selves to interpret the texts that bear upon the Path of Action and that sing forth the praises of the gods, in such a way as to draw the hearts of the less advanced to Action,
fully

aware that

in course of

time

it

will lead

The deeper meaning is not called for, Now, it is simply unreasonable to declare
incidents find no mention in the

them on to Wisdom. and finds no place.


that the
If

Ramayana

Vedas.
the fault

blind

man
?

knocks himself against a


If you care not Vedic lore, how

post,

is it

of the

latter

to
is

delve

deep

into the

hidden mines
for
'

of

in vain that the

Ramayana Maha Bharatha

to

blame

it ?

It is

not

exclaims,
;

The

Ithihasas

and

the Puranas amplify the Vedas

mysteries thereof. dom, and cry out


represent me.
'

The Vedas shun


'Lo
!

they reveal the inner the man of little wislikely mis-

this

one may more


its

"

A
it
;

room and
even
so,

furniture

are

reflected
all
its

in each mirror in

the Universe

with

ruling Powers are reflected

in

each God.
;

them forms the cause of the world


the effect of
the others.

Everyone of one of them is every


of
to

Rama.
suit the

Worship of them is worship The Vedic commentator interprets the texts

purposes desired. But, it does not prevent from reading into them the episodes of the Ramayana,
the force of

us

by

We

cannot

context and by other traditional methods. accept the exoteric interpretations as ulti-

mate, since they but plunge one deeper into the mire of Ignorance. So, we can well conclude that the Manthras

bear only the traditional meaning to the uninitiated, while the initiated see in them a direct reference to Sree Rama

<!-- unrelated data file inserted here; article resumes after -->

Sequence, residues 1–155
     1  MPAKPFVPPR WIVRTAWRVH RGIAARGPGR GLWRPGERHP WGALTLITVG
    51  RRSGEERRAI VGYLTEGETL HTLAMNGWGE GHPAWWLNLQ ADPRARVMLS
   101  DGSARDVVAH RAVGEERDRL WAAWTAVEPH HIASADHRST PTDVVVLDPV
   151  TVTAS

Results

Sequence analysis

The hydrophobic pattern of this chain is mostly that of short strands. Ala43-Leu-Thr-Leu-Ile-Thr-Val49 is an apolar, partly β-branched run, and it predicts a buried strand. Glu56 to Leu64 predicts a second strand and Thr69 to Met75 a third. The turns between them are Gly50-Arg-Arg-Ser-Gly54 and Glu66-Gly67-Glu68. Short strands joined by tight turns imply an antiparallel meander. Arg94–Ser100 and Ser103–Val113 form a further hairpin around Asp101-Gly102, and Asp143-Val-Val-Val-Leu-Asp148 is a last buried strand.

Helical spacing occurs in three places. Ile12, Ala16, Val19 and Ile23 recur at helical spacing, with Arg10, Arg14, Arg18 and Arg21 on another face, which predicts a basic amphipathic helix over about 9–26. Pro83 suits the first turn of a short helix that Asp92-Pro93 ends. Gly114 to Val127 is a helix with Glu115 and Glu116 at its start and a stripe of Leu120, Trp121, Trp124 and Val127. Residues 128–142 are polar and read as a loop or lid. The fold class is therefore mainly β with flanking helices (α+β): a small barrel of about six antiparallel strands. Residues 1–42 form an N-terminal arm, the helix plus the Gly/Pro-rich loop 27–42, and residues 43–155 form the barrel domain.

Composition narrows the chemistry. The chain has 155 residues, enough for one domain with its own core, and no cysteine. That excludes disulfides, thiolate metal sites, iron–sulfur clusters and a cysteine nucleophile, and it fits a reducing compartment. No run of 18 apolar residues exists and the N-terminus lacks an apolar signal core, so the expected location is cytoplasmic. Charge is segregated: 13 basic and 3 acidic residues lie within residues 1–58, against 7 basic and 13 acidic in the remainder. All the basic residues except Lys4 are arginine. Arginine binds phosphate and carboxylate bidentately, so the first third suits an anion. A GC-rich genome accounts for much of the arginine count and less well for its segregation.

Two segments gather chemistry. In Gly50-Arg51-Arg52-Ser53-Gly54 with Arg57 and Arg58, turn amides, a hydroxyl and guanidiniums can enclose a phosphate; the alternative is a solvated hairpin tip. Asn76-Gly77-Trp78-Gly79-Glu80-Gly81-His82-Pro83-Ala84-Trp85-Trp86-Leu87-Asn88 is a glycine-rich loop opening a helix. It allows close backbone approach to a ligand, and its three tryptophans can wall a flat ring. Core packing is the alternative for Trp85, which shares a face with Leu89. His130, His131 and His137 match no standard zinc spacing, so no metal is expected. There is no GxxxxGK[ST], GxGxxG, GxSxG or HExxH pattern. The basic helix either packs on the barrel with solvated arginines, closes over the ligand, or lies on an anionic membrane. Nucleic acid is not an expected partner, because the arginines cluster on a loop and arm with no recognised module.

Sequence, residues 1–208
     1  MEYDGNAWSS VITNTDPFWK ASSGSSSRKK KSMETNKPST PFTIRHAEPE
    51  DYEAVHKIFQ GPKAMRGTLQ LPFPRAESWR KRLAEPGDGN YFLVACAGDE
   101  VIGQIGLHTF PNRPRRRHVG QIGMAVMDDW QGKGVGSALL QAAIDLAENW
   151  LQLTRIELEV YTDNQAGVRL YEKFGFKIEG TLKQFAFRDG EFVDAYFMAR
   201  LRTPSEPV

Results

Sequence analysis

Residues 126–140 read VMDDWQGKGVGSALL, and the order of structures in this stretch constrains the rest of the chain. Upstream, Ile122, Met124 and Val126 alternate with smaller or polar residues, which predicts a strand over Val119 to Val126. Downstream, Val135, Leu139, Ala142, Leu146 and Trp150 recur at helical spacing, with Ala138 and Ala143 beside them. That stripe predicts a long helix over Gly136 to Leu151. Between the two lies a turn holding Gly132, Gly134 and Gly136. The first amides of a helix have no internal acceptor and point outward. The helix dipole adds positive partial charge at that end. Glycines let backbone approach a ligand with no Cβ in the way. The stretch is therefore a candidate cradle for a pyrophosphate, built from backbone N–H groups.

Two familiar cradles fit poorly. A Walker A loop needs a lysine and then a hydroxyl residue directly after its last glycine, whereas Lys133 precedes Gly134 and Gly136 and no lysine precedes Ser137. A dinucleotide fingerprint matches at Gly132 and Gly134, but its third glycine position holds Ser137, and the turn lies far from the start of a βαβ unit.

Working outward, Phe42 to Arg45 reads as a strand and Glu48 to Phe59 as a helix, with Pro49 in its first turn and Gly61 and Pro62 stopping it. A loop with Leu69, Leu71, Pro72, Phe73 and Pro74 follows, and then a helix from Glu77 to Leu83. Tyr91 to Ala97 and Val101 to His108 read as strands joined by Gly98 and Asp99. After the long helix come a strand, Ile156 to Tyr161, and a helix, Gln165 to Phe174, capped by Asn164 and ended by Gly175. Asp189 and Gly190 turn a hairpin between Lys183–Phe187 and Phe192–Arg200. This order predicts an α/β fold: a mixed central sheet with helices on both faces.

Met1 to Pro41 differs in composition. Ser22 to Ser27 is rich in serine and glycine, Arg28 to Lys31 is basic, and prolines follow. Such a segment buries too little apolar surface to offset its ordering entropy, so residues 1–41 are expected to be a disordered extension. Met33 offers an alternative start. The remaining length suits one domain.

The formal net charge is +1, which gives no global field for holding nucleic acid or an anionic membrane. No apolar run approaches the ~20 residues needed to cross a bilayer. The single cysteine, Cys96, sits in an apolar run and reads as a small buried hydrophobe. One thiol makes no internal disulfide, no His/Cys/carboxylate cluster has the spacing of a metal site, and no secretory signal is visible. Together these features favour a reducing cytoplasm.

and the mysteries connected with him.


Q.
acts

The Manthras found

in

connexion with religious

do but mention the Gods, the materials, the method, the objects, and the results. How then, can you twist them
to yield

an interpretation in support of the Ramayana

70

A.

The Manthras

are even so

but, in addition, ^they

are invariably based

upon

spiritual truths.

Let us take the


in

Manthra
Krishna.

"You

entered the great trees


I

the
"

form of
this

Hence,

gather you

in

two ways.

Now,
the

reveals the fact that the


;

Brahman evolved

Universe

as

and pervaded it and the sacrificial fuel is to be regarded one of Its manifestations. This episode we find in the

Brahmanas and is but repeated in the above text. "You, as Krishna the Supreme Brahman, evolve the universe, animate and later on, pervade it through and and inanimate
;

through.
sacrificial

You
fuel.

are
I

one with

it

now

gather
"

hence, you are even this you thrice seven times."

Again

the

Manthra

We

up by
Lord
as

him,
the
is

who
Boar

dived

into

gather the earth thrown the Waters after this

Earth, that lay hidden therein."


is

The
,

incarnation

of

the

referred to

the

Earth that he

dug up

very

sacred and

" Again the Manthra is used when we chop the branches of trees. The gth," " Lord of to universe it mean the Initiate understand you shine forth even in this branch you have made. I
!

should be gathered by us. For the essence of Food and Stren-

chop you
to you/'

off to attain

supreme

bliss

and the
;

level of Virat

Brahman

as pervading the universe and I have attained Texts that relate to inanimate objects should be

similarly interpreted; for, food

symbolises

Viratj

and the

Essence of food denotes the Supreme One. ("Verily he is the Rasa, the Essence; having attained that essence, one enjoys
bliss."

Sruthi).

Besides, such

vedic